Effective date March 4, 1999 November 6, 1996 June 1, 2001 July 27, 2010 December 28, 2000 December 22, 1999 December 4, 2008 November 2, 2004 October 1, 2001 October 1, 2010 July 1, 2007 December 3, 1998 January 3, 2006 July 1, 2004 November 3, 1998

Note: Medical marijuana laws came into effect in Arizona, Connecticut and Delaware after 2010.

Table 2A. Medical Marijuana Laws and the Price of High-Quality Marijuana, 1990-2011 (1) (2) (3) (4) (5) MML -0.304*** -0.103* … … … (0.037) (0.058) 3 years before MML … … … … 0.022 (0.074) 2 years before MML … … … … 0.003 (0.075) 1 year before MML … … … … -0.037 (0.076) Year of law change … … -0.117* -0.059 -0.060 (0.061) (0.069) (0.096) 1 year after MML … … -0.156*** -0.082 -0.084 (0.044) (0.070) (0.097) 2 years after MML … … -0.203*** -0.110 -0.113 (0.074) (0.082) (0.120) 3 years after MML … … -0.211*** -0.128 -0.130 (0.062) (0.084) (0.118) 4 years after MML … … -0.387*** -0.283** -0.286** (0.123) (0.115) (0.125) 5+ years after MML … … -0.439*** -0.257** -0.262* (0.048) (0.116) (0.145) N R2

920 0.224

920 0.310

920 0.241

920 0.315

920 0.315

Year FEs State FEs State covariates State-specific trends

Yes Yes Yes No

Yes Yes Yes Yes

Yes Yes Yes No

Yes Yes Yes Yes

Yes Yes Yes Yes

*Statistically significant at 10% level; **at 5% level; ***at 1% level. Notes: Each column represents the results from a separate regression. The dependent variable is equal to the natural log of the median price of marijuana in state s and year t. The covariates are listed in Appendix Table 3. Standard errors, corrected for clustering at the state level, are in parentheses.

Table 2B. Medical Marijuana Laws and the Price of Low-Quality Marijuana, 1990-2011 (1) (2) (3) (4) (5) MML -0.096 -0.075 … … … (0.105) (0.150) 3 years before MML … … … … 0.135 (0.197) 2 years before MML … … … … 0.103 (0.108) 1 year before MML … … … … -0.088 (0.200) Year of law change … … -0.035 -0.056 -0.013 (0.154) (0.193) (0.196) 1 year after MML … … -0.250* -0.182 -0.106 (0.146) (0.176) (0.136) 2 years after MML … … -0.058 -0.016 0.053 (0.176) (0.190) (0.166) 3 years after MML … … -0.244** -0.114 -0.028 (0.098) (0.141) (0.138) 4 years after MML … … 0.032 0.046 0.131 (0.403) (0.373) (0.429) 5+ years after MML … … -0.038 0.271 0.370 (0.073) (0.335) (0.267) N R2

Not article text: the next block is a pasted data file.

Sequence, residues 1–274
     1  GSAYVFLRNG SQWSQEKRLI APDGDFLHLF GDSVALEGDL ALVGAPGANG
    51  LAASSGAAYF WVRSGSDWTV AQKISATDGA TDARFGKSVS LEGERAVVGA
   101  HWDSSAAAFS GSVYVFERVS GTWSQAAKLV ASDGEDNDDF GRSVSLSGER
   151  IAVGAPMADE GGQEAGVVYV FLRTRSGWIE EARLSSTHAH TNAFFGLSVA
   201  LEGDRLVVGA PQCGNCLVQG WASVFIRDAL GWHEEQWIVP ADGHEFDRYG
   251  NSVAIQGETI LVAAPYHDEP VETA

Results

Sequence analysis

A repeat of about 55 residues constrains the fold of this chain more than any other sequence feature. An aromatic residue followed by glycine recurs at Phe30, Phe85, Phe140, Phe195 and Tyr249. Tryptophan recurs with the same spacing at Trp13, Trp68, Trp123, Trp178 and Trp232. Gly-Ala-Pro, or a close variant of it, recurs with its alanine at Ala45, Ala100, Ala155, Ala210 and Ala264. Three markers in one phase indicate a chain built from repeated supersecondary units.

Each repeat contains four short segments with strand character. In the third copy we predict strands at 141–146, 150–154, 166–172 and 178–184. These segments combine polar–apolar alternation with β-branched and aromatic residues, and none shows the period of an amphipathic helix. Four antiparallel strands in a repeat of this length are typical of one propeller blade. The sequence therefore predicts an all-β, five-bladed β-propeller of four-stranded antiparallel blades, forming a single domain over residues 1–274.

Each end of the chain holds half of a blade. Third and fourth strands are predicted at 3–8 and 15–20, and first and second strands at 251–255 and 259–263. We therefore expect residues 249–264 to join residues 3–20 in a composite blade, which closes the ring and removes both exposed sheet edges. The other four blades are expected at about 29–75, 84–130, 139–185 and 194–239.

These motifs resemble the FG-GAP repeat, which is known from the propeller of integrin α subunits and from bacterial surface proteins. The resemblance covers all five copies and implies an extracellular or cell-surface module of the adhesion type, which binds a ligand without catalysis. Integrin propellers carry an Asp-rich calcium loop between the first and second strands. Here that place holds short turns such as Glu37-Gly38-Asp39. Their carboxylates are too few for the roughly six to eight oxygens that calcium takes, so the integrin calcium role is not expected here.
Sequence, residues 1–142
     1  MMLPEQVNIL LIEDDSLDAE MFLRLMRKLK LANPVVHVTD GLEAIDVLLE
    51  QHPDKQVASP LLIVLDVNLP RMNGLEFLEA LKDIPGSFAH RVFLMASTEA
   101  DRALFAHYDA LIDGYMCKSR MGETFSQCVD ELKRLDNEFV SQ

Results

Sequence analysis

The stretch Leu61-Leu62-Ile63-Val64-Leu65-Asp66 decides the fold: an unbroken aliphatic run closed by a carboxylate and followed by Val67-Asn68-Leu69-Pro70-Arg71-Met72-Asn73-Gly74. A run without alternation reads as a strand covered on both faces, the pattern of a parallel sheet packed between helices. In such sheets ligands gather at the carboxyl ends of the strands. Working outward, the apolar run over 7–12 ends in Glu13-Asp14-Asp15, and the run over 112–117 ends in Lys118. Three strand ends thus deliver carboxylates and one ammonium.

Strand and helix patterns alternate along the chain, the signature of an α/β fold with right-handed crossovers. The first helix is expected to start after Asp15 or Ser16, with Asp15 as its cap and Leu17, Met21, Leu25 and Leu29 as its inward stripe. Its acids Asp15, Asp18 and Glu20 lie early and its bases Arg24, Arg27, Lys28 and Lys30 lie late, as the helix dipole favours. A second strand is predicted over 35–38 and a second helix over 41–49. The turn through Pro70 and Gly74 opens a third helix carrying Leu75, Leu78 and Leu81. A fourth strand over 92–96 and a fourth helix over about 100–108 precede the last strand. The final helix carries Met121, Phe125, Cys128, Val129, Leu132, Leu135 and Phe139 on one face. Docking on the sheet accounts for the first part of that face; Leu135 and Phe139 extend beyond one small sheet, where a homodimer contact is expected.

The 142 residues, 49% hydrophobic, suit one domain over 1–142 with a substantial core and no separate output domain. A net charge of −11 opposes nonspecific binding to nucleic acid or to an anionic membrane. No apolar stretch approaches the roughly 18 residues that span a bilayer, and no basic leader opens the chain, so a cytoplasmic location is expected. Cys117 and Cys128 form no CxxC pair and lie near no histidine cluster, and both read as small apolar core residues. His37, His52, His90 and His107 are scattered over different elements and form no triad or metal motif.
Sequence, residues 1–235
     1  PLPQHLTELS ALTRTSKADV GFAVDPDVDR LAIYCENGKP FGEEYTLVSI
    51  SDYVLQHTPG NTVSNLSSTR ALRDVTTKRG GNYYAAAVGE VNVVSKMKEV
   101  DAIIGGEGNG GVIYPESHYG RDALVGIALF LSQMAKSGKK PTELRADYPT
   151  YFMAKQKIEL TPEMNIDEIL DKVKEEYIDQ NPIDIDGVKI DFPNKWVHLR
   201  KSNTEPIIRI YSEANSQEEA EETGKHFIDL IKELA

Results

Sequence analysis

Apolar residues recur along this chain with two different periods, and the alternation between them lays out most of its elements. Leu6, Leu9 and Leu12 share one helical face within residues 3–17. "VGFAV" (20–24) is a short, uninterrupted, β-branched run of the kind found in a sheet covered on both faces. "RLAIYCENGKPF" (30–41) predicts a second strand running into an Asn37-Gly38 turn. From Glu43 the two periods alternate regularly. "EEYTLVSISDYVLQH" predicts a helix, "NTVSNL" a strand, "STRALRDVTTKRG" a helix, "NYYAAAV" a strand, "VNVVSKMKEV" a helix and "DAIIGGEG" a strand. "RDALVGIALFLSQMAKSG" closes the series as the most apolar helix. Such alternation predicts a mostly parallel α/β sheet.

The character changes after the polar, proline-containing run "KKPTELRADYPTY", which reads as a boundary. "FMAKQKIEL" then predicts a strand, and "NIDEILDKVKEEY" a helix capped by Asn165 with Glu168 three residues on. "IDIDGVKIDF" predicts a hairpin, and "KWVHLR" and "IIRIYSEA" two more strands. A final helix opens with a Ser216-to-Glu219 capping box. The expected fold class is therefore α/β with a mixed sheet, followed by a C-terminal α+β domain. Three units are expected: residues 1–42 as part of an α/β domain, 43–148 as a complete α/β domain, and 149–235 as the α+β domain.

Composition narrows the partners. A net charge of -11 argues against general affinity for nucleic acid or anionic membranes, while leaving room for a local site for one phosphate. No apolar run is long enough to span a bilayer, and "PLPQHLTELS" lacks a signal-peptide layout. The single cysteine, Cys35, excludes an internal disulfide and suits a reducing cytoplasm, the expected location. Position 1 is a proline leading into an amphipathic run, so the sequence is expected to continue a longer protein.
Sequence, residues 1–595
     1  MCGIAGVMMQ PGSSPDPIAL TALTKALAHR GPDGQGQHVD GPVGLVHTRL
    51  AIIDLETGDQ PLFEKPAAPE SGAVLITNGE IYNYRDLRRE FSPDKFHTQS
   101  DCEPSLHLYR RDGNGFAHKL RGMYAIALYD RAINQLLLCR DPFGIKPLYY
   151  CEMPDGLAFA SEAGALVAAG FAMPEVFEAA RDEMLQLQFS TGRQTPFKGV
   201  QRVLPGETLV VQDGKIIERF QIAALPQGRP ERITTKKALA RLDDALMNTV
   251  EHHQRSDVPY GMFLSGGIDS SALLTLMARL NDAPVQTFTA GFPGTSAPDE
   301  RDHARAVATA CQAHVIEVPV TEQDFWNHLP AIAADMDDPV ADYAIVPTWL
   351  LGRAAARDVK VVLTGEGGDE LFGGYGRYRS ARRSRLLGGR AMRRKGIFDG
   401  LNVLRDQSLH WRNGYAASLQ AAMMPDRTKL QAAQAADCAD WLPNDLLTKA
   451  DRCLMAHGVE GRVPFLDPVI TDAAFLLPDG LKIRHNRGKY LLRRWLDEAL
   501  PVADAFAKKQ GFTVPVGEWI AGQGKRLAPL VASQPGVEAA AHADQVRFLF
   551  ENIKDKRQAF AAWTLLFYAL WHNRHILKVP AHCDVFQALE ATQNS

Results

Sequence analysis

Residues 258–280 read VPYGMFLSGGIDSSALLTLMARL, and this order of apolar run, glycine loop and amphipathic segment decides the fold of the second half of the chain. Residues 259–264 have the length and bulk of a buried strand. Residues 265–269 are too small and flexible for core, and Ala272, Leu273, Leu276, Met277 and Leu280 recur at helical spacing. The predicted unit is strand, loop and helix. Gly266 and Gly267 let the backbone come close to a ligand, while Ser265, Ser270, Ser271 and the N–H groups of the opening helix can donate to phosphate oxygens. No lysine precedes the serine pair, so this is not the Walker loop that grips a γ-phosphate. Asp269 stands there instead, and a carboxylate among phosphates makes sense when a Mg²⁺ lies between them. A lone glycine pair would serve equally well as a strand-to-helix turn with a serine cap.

483 0.720

483 0.748

483 0.723

483 0.751

483 0.753

Year FEs State FEs State covariates State-specific trends

Yes Yes Yes No

Yes Yes Yes Yes

Yes Yes Yes No

Yes Yes Yes Yes

Yes Yes Yes Yes

*Statistically significant at 10% level; **at 5% level; ***at 1% level. Notes: Each column represents the results from a separate regression. The dependent variable is equal to the natural log of the median price of marijuana in state s and year t. The covariates are listed in Appendix Table 3. Standard errors, corrected for clustering at the state level, are in parentheses.

Table 3. Descriptive Statistics for FARS Analysis (Dependent Variables) Variable Fatalities Total

Mean (SD) 14.58 (5.05)

Description Number of fatalities per 100,000 population

Fatalities (No Alcohol)

9.67 (3.45)

Number of fatalities per 100,000 population with no indication of alcohol involvement

Fatalities (BAC > 0)

3.97 (1.74)

Number of fatalities per 100,000 population where at least one driver involved had a BAC > 0.00

Fatalities (BAC ≥ 0.10)

3.13 (1.43)

Number of fatalities per 100,000 population where at least one driver involved had a BAC ≥ 0.10

Variable Fatalities, 15-19 year-olds

Mean (SD) 24.55 (9.75)

Denominator per 100,000 15- through 19-year-olds

Fatalities, 20-29 year-olds

23.59 (8.41)

per 100,000 20- through 29-year-olds

Fatalities, 30-39 year-olds

15.45 (6.49)

per 100,000 30- through 39-year-olds

Fatalities, 40-49 year-olds

14.00 (5.63)

per 100,000 40- through 49-year-olds

Fatalities, 50-59 year-olds

13.22 (4.93)

per 100,000 50- through 59-year-olds

Fatalities, 60 plus

17.39 (5.28)

per 100,000 60-year-olds and above

Fatalities males

20.48 (7.15)

per 100,000 males

Fatalities females

9.03 (3.29)

per 100,000 females

Fatalities weekdays

8.32 (2.88)

per 100,000 population

Fatalities weekends

6.22 (2.25)

per 100,000 population

Fatalities daytime

7.04 (2.59)

per 100,000 population

Fatalities nighttime

7.42 (2.60)

per 100,000 population

Note: Weighted means based on the FARS state-level panel for 1990-2010.

Table 4. Descriptive Statistics for FARS Analysis (Independent Variables) Variable MMLa

Mean (SD) 0.130 (0.334)

Mean age Unemployment Income

35.90 (1.66) 5.87 (1.87) 10.27 (0.156)

Miles driven

14.13 (2.05)

Decriminalizeda

0.330 (0.470)

Drug per se

0.142 (0.345)

GDLa

0.522 (0.493)

Primary seatbelta

0.461 (0.494)

Secondary seatbelta

0.518 (0.494)

BAC 0.08a

0.584 (0.485)

ALRa

0.721 (0.445)

Zero Tolerancea

0.763 (0.417)

Beer tax Speed 70

0.245 (0.207) 0.462 (0.499)

Texting ban

0.041 (0.185)

Hands Free

0.025 (0.150)

a